The Tzer Island book blog features book reviews written by TChris, the blog's founder.  I hope the blog will help readers discover good books and avoid bad books.  I am a reader, not a book publicist.  This blog does not exist to promote particular books, authors, or publishers.  I therefore do not participate in "virtual book tours" or conduct author interviews.  You will find no contests or giveaways here.

The blog's nonexlusive focus is on literary/mainsteam fiction, thriller/crime/spy novels, and science fiction.  While the reviews cover books old and new, in and out of print, the blog does try to direct attention to books that have been recently published.  Reviews of new (or newly reprinted) books generally appear every Monday, Wednesday, and Friday.  Reviews of older books appear on occasional Sundays.  Readers are invited and encouraged to comment.  See About Tzer Island for more information about this blog, its categorization of reviews, and its rating system.


Last Winter, We Parted by Fuminori Nakamura

Published in Japan in 2013; published in translation by Soho Press on October 21, 2014

The crime novels of Fuminori Nakamura explore the psychology of the criminal mind while making the point that the criminal mind is difficult to distinguish from the noncriminal mind. Guilt is often a fluid and ambiguous concept, easily shared and spread, not always understood by those who refuse to look beyond the superficial.

Yudai Kiharazaka, a photographer, has been sentenced to death for the murders of two women who were incinerated in separate fires. The narrator of Last Winter, We Parted has been commissioned to write a book about the murderer. Some people the narrator interviews speculate that Kiharazaka burned the women so that he could photograph them in flames, thus replaying a version of the climactic scene in a classic Japanese short story called "Hell Screen."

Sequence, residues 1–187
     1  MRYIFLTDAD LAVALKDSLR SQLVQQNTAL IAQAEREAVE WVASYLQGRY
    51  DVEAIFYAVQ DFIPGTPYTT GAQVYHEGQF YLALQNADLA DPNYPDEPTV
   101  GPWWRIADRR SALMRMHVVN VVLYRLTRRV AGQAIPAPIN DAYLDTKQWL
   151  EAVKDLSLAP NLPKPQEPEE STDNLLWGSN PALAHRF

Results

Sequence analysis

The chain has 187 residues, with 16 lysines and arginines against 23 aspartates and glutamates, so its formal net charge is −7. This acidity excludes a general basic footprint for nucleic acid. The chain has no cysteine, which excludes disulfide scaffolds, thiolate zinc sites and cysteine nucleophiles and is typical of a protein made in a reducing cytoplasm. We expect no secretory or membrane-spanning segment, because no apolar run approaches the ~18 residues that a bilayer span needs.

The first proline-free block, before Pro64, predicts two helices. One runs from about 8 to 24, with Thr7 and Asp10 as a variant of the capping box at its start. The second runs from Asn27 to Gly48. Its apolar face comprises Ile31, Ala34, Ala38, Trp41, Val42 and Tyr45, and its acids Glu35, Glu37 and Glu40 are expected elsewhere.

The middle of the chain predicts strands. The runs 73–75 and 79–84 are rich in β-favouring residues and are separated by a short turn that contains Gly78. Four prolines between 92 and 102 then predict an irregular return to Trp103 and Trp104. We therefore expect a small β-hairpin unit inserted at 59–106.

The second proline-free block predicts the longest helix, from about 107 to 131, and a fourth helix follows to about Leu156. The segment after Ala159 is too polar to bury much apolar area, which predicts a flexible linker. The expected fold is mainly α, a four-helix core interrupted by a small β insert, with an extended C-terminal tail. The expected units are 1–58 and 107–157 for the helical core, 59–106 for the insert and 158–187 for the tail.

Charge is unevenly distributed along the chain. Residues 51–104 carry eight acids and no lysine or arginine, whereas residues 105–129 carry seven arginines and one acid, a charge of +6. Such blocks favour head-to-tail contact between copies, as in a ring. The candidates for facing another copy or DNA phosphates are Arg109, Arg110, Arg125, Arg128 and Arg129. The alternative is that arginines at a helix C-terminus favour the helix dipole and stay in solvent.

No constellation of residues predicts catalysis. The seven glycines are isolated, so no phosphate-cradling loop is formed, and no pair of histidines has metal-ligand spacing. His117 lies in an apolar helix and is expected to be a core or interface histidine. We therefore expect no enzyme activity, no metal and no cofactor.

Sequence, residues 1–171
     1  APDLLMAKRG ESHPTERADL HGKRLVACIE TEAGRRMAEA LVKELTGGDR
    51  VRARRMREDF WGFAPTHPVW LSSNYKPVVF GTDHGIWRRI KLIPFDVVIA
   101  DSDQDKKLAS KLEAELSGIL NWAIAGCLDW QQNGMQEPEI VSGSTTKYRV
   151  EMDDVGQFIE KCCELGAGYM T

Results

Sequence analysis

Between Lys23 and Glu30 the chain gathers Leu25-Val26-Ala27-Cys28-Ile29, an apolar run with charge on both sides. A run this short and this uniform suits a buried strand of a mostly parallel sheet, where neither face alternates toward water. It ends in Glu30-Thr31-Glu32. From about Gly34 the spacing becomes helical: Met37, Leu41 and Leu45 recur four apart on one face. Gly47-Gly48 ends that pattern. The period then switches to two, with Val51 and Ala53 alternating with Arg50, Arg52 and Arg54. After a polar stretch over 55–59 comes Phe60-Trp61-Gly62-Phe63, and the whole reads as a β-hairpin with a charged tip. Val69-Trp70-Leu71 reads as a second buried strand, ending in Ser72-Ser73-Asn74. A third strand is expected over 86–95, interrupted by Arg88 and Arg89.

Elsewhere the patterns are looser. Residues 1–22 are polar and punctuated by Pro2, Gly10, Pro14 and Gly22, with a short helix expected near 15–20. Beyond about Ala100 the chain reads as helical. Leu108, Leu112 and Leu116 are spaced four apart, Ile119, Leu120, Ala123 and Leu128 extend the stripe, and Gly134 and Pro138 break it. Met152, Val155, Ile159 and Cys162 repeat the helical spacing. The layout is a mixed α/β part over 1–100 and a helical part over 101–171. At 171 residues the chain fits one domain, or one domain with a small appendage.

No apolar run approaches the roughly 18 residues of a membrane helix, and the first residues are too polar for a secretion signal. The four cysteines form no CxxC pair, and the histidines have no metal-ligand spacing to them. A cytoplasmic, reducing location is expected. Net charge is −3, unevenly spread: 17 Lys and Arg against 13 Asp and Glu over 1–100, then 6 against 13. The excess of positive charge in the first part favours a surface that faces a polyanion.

The narrator begins his project after becoming fixated on a photograph Kiharazaka took of black butterflies obscuring a figure that might be a woman. He is also drawn to Kiharazaka's obsession with lifelike silicon dolls that are patterned on real women, an obsession shared by a group known as K2.

Some chapters of Last Winter, We Parted consist of Kiharazaka's letters to the narrator and to his sister. Some chapters relate the narrator's interviews with people who knew Kihirazaka, each adding insight to his life while prompting the reader to question what really happened. Some chapters follow the narrator's introspective life as he decides what to do about Yukie, his girlfriend. The narrator becomes uncomfortably involved with both Kiharazaka and his sister while coming to understand their true nature ... and his own.

Last Winter, We Parted is a short but complex novel. The truth about the two deaths is surprising and complicity is found in unexpected places. This is the kind of novel that needs to be read in its entirety before all of the parts can be understood and integrated. Some chapters require reinterpretation by the story's end, while the ending gives the reader a new understanding of the entire book, including the dedication. The novel's brevity and tight construction make all of that possible without placing an undue burden on the reader.

Last Winter, We Parted also considers the relationship of art to the living and the dead, as well as the reality that the art of fiction can inspire. This is a work of philosophy and psychology as much as it is a crime novel, yet the mystery that unfolds is riveting. Near the end, a character asks "Just what does it all mean? This world we live in." Nukamura provides no answer, but he offers the reader fruitful opportunities to think about the question.



Unexpected Stories by Octavia Butler

Published by Open Road Media on June 24, 2014

Until her death in 2006, Octavia Butler was one of the jewels of science fiction. She was primarily a novelist. This volume collects two early works of her short fiction, although the first one is long enough to categorize as a novella. The important themes she explores in these excellent stories are representative of those she tackled in her longer work.